Woman hit, killed by 2 cars in Huntington Beach ID'd 27 years later

ByABC7.com staff KABC logo
Friday, May 12, 2017
Woman hit, killed by 2 cars in OC ID'd 27 years later
A woman killed 27 years ago while crossing Pacific Coast Highway in Huntington Beach was identified by authorities.

SANTA ANA, Calif. (KABC) -- A woman struck and killed by two vehicles 27 years ago in Huntington Beach has been identified, officials announced Thursday morning.

The Orange County Sheriff's Department Coroner's Division confirmed the woman's identify as 26-year-old Andrea Kuiper of Fairfax, Virginia.

Authorities said Andrea Kuiper was struck by two vehicles as she was crossing Pacific Coast Highway on April 1, 1990.

"It was a very tragic death. Not that most of them aren't, this was just particularly tragic because she was just crossing the street in Huntington Beach," Kelly Keyes, supervising deputy coroner said.

Investigators said the woman didn't have any identification on her. The only clues they had to go by were her clothes.

"They believed she was from Virginia, although someone said possibly from Newport in Virginia, which wasn't entirely accurate, and that she said she was adopted," Keyes explained.

Andrea Kuiper's information was provided to the National Center for Missing and Exploited Children at the time of her death, officials said. NCMEC recreated images of what Andrea Kuiper may have looked like and the images were distributed to the media.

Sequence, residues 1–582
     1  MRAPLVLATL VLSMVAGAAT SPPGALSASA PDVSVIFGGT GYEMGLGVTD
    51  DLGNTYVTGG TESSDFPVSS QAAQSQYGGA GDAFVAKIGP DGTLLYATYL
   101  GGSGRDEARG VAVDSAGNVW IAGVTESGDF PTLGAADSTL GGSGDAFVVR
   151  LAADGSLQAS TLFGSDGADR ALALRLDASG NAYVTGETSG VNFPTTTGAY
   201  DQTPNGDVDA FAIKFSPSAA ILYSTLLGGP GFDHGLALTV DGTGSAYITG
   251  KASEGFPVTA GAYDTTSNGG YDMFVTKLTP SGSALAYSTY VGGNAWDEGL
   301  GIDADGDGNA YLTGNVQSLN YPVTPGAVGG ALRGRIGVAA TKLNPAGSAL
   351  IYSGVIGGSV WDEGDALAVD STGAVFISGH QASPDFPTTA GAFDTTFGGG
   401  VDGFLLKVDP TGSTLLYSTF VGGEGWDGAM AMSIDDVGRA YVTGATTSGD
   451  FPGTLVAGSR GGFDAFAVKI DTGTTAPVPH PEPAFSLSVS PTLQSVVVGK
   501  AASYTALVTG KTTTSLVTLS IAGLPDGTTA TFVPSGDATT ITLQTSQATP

A sketch released of an unidentified woman who was hit and killed by two cars in Huntington Beach on April 1, 1990. She was later identified as Andrea Kuiper, 26, of Virginia.

Investigators said the creation of the National Missing and Unidentified Persons System in 2010, and it's partnership with the FBI in March 2017 to check fingerprints, helped lead to Andrea Kuiper's identification.

"Instead of looking at a 10-print system with all 10 fingers, there were looking at them individually, which is more like they would do at a crime scene," Keyes detailed.

Investigators got a hit when her fingerprints matched the ones taken when she applied for a job at the Department of Agriculture just three years before her death.

"It was one of those once in a career type moments to know that Andrea was Andrea," Keyes described.

After Andrea Kuiper was identified on May 4, investigators worked to locate her parents to tell them about the discovery.

"We are thankful to know what happened to our daughter after all these years," her father Richard Kuiper said in a written release. "Andrea was loved and respected. She was beautiful. But she was manic depressive, and therefore we had been through quite an adventure."